You may have passed basic algebra, but you might have realized that your primary education left some gaps in the practical applications of every day life. Once you find yourself juggling rent, insurance, utilities, debt, and the rest of life’s needs and wants, you might wish your education came with a bit more instruction on how to manage your money.
Here are the school finance lessons you wish you had to teach you how to manage your money and ace your financial future.
1. Pay Yourself First.
No one else will make you take your personal finances seriously, so you must start each money management conversation with the thought that you must pay yourself first. But what does this mean?
It means taking a portion of your monthly income and put it into a savings account, a retirement account, or setting aside for long-term financial goals.
And don’t stress: You don’t have to save big portions of your paycheck to make a difference. Commit to putting back 1-5% of your monthly income.
That steady trickle will add up, and you’ll be in a much better position financially before you realize it.
2. Learn How To Answer, “Can I Afford This?”
Here’s a simple rule to know if you can easily afford something: If you have to check your account to make sure you have enough money – you don’t.
Unless you know for sure a purchase will not impact your bottom line without reviewing what has cleared and what is left in your account, it can and should wait.
With this principle, you’ll never ask yourself again if you can afford a purchase – you’ll just know how to manage your money well.
3. Know Where Your Money Is Going.
Some people may think it is antiquated to keep a register. It’s essential to understand how to manage your money. One of the things that online banking can’t show is outstanding transactions which could cause non-sufficient funds if they just use the balance shown on online banking.
Set a time each month to create a budget and review the expenses of the previous month. Look for trends and the amount you spend each month on necessary (and not necessary) items. Cut out the unnecessary expenses for a healthier bank account.
4. Build Your Emergency Fund First.
Speaking of savings, build up an account to serve as an emergency fund. Work towards having three to six months’ worth of needed income in the emergency fund to be able to withstand most emergencies life can throw at you.
But, even $1,000 in an emergency fund will provide stress relief from emergencies that will crop up in life.
5. Understand Compound Interest and Get Some For Yourself.
Compound interest is money earned off the interest on your money. This means the money you initially save in an interest-bearing account will increase because the account pays interest.
Then, that new total begins to grow as interest is earned on the new total, which includes the initial interest. Many people underestimate the power of compound interest because it seems like a small amount of money. But over time, that small amount can grow exponentially.
6. Protect and Build Your Credit.
Your credit score may determine what your buying power will be on large purchases. Bad credit may equal a larger payment due to higher interest rates on a loan.
A good credit score may allow for larger credit amounts, smaller interest payments, or shorter loan notes. Building your credit is a slow process to prove your creditworthiness, but destroying your credit can happen much faster.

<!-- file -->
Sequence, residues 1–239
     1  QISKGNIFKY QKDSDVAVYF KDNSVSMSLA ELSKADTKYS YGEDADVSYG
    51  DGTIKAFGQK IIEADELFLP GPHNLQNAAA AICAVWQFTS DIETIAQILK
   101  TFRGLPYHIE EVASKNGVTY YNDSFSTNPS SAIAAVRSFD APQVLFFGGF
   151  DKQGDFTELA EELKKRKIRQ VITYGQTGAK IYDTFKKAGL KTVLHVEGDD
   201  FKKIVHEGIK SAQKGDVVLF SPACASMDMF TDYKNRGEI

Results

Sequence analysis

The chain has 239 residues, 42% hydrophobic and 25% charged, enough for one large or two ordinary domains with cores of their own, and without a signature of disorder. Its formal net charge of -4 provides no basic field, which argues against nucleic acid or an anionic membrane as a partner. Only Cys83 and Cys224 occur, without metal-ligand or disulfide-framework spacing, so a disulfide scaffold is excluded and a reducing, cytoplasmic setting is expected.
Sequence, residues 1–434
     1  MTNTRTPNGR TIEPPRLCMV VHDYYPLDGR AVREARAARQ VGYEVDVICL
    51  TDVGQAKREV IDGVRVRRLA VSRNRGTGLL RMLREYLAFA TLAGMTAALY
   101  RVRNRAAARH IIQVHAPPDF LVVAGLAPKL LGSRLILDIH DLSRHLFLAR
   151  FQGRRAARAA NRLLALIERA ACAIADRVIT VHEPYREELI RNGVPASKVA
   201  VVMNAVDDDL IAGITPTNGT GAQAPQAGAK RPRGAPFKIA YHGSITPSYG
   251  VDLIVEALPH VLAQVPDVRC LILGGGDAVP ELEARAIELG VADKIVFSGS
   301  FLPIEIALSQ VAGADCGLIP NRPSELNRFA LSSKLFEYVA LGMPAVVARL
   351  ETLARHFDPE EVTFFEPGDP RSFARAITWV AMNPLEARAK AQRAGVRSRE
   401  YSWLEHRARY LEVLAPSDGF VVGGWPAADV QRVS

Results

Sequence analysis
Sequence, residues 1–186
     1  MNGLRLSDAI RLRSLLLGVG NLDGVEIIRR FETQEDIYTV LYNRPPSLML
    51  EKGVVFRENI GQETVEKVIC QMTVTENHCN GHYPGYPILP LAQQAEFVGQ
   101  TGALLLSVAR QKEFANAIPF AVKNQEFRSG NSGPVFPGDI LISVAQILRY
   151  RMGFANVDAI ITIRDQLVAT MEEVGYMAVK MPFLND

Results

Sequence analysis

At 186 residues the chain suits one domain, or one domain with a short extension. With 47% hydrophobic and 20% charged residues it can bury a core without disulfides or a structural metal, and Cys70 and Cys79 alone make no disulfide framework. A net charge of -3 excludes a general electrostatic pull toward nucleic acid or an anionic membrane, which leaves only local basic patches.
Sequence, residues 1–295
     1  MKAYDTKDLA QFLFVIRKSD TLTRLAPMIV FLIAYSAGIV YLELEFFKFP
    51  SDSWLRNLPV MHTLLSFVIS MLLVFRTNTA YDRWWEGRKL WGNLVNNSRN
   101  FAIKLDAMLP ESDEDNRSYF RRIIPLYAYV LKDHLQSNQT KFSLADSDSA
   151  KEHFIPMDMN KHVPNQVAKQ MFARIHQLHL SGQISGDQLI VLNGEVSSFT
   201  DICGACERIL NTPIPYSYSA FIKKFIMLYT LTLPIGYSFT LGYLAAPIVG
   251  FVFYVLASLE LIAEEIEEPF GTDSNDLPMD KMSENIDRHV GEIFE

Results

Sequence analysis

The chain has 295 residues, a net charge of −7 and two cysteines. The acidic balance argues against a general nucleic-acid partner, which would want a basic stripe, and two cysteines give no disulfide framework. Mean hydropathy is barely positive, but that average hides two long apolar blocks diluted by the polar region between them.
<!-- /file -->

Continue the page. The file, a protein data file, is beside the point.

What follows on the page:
Check out this NerdWallet article for more tips to build your credit.
7. Get Insurance to Protect Yourself and Your Assets.
Insurance can feel like a costly expense with no immediate return. In the case of an accident or emergency, you will thank yourself ten times over for planning ahead.
Auto insurance protects your vehicle in the case of an accident without having to pay the entire cost out of pocket. Health insurance assists with regular health care costs and in the case of a medical emergency without drowning in thousands of dollars in debt. HealthCare.gov provides a guide on how to find affordable health care coverage.
If you have dependents, a life insurance policy will provide for them in the tragedy of your death. This will provide you peace of mind now and security for them later.
Any of these areas can financially ruin you if you do not have insurance to cover part of the expense when you need it. Consider it all an investment to be prepared for future financial disasters.
8. Understand Tax Basics (and Pay Them)
Taxes are taken out of every paycheck. Make sure you understand how much will be deducted from your paycheck each month. Only budget on your take-home pay, after taxes.
Make sure your paycheck has enough withheld to avoid paying a large sum at the end of tax season – when you might not be as prepared for that tax bill.
Be sure to prepare, file and pay your taxes on time every year. The state and federal government may work with you on tax debts, but it is much easier, less expensive and less stressful to stay current.
By utilizing these tips you will be managing your money like a pro in no time. To learn more personal finance basics, read more of our helpful articles.
This article is for educational purposes only. Tulsa FCU makes no representations as to the accuracy, completeness, or specific suitability of any information presented. Information provided should not be relied on or interpreted as legal, tax or financial advice. Nor does the information directly relate to our products and/or services terms and conditions.